The Royal Mile runs through Edinburghs Old Town from the Castle situated above the city on volcanic rock to Holyrood Palace on foot of Arthurs´s Seat.
The Mile is overlooked by impressive, towering tenements, between which cobbled closes and narrow stairways interlock to create a secret underground world. (The Royal Mile)
Actually the Royal Mile is a given name to a succession of streets running from the Castle to the Palace, first used around 1900 and then as the title to a guidebook in 1920. It´s a busy tourist street with lots of shops selling everything plaided and lots of whiskey, little coffeeshops, tearooms and restaurants. And then there is the lovely view on the hills on the other side – Edinburgh is built on seven hills (the result of early volcanic activities) and it is a constant up and down and the crossings on different hights.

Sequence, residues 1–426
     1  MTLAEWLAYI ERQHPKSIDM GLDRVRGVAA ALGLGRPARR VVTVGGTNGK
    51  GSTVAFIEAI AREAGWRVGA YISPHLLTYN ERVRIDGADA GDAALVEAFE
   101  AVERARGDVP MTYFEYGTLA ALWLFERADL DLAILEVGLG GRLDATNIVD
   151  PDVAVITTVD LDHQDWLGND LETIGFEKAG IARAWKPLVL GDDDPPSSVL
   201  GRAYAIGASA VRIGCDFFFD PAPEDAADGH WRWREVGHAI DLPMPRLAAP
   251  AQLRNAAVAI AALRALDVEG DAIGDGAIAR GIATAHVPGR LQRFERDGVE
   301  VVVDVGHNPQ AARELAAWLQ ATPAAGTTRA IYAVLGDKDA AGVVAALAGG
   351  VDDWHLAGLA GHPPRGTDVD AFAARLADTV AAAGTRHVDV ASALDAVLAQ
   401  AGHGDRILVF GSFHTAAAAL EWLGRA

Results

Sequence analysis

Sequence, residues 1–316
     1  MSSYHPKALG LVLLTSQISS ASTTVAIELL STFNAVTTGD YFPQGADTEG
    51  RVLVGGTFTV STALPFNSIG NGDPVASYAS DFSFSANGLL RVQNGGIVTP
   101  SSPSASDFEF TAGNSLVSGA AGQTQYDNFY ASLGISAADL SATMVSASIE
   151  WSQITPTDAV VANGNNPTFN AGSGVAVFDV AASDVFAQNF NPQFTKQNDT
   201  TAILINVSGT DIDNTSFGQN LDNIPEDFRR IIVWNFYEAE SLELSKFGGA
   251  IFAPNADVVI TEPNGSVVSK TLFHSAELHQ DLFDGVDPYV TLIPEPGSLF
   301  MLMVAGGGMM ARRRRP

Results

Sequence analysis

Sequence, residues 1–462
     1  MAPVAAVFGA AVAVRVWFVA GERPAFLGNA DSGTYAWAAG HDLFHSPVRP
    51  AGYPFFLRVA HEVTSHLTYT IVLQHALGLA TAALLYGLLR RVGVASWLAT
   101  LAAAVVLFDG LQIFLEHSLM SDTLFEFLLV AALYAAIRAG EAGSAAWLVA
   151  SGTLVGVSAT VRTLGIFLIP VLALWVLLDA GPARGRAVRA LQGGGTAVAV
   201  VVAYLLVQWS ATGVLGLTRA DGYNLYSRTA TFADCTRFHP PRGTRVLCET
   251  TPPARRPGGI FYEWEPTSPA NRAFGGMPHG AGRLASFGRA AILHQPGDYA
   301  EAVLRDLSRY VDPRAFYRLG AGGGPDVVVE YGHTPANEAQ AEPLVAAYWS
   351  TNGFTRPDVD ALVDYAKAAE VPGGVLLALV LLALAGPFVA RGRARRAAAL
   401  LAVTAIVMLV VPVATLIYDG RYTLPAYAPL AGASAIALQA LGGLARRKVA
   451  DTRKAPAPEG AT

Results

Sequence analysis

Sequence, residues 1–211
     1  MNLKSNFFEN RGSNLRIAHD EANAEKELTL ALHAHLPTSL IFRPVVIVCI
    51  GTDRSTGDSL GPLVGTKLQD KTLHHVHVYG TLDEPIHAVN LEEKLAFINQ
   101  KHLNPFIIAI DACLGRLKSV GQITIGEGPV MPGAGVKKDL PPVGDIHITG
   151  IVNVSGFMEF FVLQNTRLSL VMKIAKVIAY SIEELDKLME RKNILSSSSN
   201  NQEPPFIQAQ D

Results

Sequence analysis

Quite hidden lies a beautiful little 17th century garden, Dunbar´s Close Garden, the perfect hidden gem for a quick escape and enjoy some moments of silence.
After a little break in the garden I went to visit Holyrood Palace and Park and then took a bus to see the Castle during sunset – unfortunately there was no time to visit it too. Next time… until then I made my way back down the Royal Mile.
St. Giles´ Cathedral – the history City Church of Edinburgh, founded around 1124. Original a catholic church it became a protestant cathedral during the Reformation.
In front of the cathedral a statue of the philosopher David Hume.
…and the Heart of Midlothian, marking the former position of the 15th-century Old Tolbooth, which was the “was the administrative centre of the town, a prison, and one of several sites of public execution.” (Heart of the Midlothian)
The Royal Mile has about 80 very narrow alleys and “closes” showing the medieval beginnings of this area – just get lost in them!